Was Venus DeMilo Such a Bad Idea?

Teenage Mutant Ninja Turtles. A long name, and also a long enduring franchise, current in its’ 26th year and 4th TV series. By now everyone from 5-year-old kids to 30-year-old nostalgia buffs can name the Ninja Turtles: Leonardo, Donatello, Michelangelo and Raphael, but few nowadays remember or even know of the long-forgotten Fifth Turtle–and no, I’m not talking about that annoying little twerp Zach–I’m talking about Venus DeMilo, the lost Ninja Turtle with something extra, two X chromosomes!

For the uninformed, here is a (somewhat) brief history lesson: Venus de Milo (real name Mei Pieh Chi) was introduced in the live action Ninja Turtles: The Next Mutation TV series as a fifth mutant turtle. She has also appeared in a few books. Her bandanna was cyan colored, a lighter blue than Leonardo’s, and braided in the back to resemble a ponytail. Lalainia Lindbjerg provided Venus’ voice, while Nicole Parker was the suit actor.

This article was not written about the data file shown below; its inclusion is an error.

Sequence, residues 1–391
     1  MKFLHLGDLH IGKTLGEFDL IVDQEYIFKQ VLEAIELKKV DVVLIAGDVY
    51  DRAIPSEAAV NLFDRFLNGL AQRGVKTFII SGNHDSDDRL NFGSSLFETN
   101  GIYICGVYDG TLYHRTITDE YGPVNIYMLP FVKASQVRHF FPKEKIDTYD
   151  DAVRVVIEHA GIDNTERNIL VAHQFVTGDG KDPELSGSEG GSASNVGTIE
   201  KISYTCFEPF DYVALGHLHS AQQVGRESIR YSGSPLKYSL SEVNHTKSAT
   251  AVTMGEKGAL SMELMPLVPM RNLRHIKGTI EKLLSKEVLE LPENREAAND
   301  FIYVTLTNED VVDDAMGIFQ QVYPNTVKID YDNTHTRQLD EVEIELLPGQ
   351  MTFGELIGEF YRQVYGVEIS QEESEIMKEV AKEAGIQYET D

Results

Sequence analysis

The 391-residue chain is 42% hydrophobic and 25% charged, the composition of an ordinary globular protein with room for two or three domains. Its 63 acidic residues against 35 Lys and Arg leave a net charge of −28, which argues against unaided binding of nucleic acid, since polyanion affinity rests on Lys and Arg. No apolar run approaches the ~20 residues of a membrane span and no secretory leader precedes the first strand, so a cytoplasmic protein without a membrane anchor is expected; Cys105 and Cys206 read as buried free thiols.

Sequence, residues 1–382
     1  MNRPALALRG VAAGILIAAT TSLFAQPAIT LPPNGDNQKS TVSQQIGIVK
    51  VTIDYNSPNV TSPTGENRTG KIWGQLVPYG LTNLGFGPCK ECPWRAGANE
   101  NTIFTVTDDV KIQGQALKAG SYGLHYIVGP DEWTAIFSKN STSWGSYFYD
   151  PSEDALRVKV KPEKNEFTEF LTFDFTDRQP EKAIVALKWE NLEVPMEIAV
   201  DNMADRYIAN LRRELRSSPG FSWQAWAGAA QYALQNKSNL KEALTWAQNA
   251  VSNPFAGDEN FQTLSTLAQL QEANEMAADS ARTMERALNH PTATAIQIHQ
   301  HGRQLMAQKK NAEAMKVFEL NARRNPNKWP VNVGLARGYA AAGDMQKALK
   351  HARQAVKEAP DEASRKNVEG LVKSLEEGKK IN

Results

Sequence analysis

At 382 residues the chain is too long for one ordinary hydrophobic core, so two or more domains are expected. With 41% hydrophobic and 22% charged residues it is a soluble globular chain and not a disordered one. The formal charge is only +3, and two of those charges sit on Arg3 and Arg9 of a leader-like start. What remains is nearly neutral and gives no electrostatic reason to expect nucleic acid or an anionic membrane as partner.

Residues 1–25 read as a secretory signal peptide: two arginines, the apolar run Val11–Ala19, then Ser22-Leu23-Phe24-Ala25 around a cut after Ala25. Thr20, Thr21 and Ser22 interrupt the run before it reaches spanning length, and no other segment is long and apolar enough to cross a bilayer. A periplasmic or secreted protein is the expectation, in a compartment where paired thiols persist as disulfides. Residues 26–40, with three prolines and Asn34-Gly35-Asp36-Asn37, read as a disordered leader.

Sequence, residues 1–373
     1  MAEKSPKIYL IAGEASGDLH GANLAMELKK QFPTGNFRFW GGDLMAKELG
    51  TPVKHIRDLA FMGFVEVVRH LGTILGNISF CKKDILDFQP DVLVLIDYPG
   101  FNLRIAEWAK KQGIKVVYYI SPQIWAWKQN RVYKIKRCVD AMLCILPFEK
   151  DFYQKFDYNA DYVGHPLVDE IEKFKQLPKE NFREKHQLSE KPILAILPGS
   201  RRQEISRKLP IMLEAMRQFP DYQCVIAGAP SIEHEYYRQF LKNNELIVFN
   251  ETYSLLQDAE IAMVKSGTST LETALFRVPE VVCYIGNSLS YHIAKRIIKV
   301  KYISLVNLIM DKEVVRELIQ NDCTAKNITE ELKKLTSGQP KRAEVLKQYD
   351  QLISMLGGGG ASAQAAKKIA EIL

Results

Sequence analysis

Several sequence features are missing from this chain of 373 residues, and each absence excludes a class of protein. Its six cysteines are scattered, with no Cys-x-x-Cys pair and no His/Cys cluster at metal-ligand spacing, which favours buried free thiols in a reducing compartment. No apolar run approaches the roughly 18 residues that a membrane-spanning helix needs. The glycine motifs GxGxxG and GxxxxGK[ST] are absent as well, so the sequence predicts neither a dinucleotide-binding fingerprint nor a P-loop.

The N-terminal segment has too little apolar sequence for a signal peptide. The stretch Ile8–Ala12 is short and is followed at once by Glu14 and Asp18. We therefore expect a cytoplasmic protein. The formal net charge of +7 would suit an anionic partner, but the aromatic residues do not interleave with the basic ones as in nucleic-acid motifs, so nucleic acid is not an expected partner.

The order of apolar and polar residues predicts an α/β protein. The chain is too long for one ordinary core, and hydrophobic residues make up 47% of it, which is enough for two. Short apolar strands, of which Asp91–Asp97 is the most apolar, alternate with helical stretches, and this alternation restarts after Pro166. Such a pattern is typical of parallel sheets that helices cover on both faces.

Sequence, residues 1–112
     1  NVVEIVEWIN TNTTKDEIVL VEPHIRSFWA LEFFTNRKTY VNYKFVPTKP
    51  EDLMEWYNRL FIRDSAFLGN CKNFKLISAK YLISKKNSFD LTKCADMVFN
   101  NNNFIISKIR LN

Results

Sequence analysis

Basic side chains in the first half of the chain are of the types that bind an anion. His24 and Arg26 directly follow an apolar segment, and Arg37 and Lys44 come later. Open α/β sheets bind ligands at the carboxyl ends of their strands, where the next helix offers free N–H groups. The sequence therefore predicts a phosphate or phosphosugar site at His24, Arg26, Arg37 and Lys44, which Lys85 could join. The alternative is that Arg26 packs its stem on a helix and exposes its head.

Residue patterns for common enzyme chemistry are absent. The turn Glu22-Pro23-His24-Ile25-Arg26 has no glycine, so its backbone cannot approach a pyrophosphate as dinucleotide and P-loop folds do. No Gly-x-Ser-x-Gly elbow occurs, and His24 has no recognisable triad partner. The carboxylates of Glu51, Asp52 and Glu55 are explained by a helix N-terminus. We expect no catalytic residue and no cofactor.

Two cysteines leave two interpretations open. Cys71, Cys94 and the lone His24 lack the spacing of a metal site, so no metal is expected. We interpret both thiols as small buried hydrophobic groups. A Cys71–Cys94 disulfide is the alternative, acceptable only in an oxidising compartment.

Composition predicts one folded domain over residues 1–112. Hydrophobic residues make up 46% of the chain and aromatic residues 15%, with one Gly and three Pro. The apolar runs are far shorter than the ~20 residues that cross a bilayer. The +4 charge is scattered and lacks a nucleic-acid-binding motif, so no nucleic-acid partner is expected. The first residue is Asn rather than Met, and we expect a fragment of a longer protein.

Venus was a fifth turtle that was covered with the mutagen that had mutated the other Turtles, but got swept away in the sewers to New York City’s Chinatown district. There, she was found by a Chinese Shinobi master known as Chung I. Chung I took her back to his hometown of Shanghai, China, and taught her the way of the Shinobi, raising her for 18 years. Chung I was in possession of a mystical mirror, which kept the dreaded Dragonlord and his minions entrapped within it. Chung I, the appointed guardian of this mirror, was attacked by the Dragons when they crossed over into the realm of dreams, mortally wounding him in his sleep and kidnapping the spirit of Chung I’s dream realm friend, Splinter. On his deathbed, Chung I revealed to Mei Pieh Chi her true origin in New York.